Buildings as Solar Generators? Heliatek Creates Ultrathin Panels to Harness the Sun’s Power

It helps vertical structures to collect and transform energy from the Sun.

Turning buildings into solar-powered generators is the challenge, but researchers and companies are now on the verge of creating new panels that could change the way it stands out in the area. A German company called Heliatek has developed new ultrathin and organic solar panels that could be applied to high-rise structures to become more self-sufficient and eco-friendly. 

Harnessing the power of the Sun is one of the present challenges in the world, especially as solar panels are getting more commercialized in society. 

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Turning Science Fiction Into Science Fact: Space Solar Power Beaming

An artistic rendering showing the concept of collecting solar energy in space and beaming converted RF energy to a terrestrial rectenna.

By Keith Cowing

In the 1940s, science fiction author Isaac Asimov theorized the concept of collecting the sun’s energy in space, then beaming that energy down to Earth.

Today, Northrop Grumman’s Space Solar Power Incremental Demonstrations and Research (SSPIDR) Project team is making that science fiction a reality with steady progress towards transmitting solar energy from space to anywhere on Earth. SSPIDR technology can be especially useful in forward operating and contested areas where warfighters need steady power to maintain mission operations.

Harnessing solar power for use on Earth has enormous potential for communities where energy is scarce. For example, when military personnel establish a forward operating base one of the most dangerous parts of the ground operation is getting power. Convoys and supply lines, which are major targets for adversaries, are the usual methods to supply power. However, solar-powered beaming energy technology can provide constant, consistent and logistically agile power to expeditionary forces operating in hard-to-reach areas – assuring power is transmitted via radio frequency (RF) from space and reducing reliance on fuel convoys and other energy generation methods.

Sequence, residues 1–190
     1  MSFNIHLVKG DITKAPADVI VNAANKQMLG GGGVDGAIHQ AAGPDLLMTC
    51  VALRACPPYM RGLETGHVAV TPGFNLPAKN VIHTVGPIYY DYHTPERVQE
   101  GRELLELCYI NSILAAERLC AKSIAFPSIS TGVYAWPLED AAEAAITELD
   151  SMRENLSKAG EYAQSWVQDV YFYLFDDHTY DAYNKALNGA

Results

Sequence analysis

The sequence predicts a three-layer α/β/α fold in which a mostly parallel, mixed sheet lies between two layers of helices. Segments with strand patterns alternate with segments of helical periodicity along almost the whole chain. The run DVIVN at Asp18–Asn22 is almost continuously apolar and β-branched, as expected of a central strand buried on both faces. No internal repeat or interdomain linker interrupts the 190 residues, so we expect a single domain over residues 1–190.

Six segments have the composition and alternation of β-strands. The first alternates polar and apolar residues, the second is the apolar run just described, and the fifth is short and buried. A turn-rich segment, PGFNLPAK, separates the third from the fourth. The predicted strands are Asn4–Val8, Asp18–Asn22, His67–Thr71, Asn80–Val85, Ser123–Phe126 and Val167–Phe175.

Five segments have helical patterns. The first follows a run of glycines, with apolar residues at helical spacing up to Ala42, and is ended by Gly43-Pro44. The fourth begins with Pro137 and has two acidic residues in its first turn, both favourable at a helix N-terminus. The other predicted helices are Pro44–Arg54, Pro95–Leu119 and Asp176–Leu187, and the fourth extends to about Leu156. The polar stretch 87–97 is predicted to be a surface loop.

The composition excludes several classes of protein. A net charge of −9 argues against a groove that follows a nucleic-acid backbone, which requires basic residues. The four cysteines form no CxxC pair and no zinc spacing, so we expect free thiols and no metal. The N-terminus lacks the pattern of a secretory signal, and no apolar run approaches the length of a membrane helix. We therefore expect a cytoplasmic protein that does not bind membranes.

Utilizing one of the company’s test chambers specifically designed for RF at its Baltimore manufacturing and test campus, the SSPIDR team successfully demonstrated the transmission of directed RF energy to a ground-based rectifying antenna (rectenna) – a critical milestone in the development of this pioneering technology. In this demonstration, engineers steered RF energy to rectenna hardware, energizing a series of lights that indicated successful formation of an energy beam and conversion to useful electrical current.

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Paper-Thin Solar Cell Can Turn Any Surface Into A Power Source

MIT researchers have developed a scalable fabrication technique to produce ultrathin, lightweight solar cells that can be stuck onto any surface.

By Andrew McCollum

MIT engineers have developed ultralight fabric solar cells that can quickly and easily turn any surface into a power source.

These durable, flexible solar cells, which are much thinner than a human hair, are glued to a strong, lightweight fabric, making them easy to install on a fixed surface. They can provide energy on the go as a wearable power fabric or be transported and rapidly deployed in remote locations for assistance in emergencies. They are one-hundredth the weight of conventional solar panels, generate 18 times more power-per-kilogram, and are made from semiconducting inks using printing processes that can be scaled in the future to large-area manufacturing.

Because they are so thin and lightweight, these solar cells can be laminated onto many different surfaces. For instance, they could be integrated onto the sails of a boat to provide power while at sea, adhered onto tents and tarps that are deployed in disaster recovery operations, or applied onto the wings of drones to extend their flying range. This lightweight solar technology can be easily integrated into built environments with minimal installation needs.

“The metrics used to evaluate a new solar cell technology are typically limited to their power conversion efficiency and their cost in dollars-per-watt. Just as important is integrability—the ease with which the new technology can be adapted. The lightweight solar fabrics enable integrability, providing impetus for the current work. We strive to accelerate solar adoption, given the present urgent need to deploy new carbon-free sources of energy,” says Vladimir Bulović, the Fariborz Maseeh Chair in Emerging Technology, leader of the Organic and Nanostructured Electronics Laboratory (ONE Lab), director of MIT.nano, and senior author of a new paper describing the work.

Joining Bulović on the paper are co-lead authors Mayuran Saravanapavanantham, an electrical engineering and computer science graduate student at MIT; and Jeremiah Mwaura, a research scientist in the MIT Research Laboratory of Electronics. The research is published today in Small Methods.

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Is Space-Based Solar Power Ready for Its Moment in the Sun?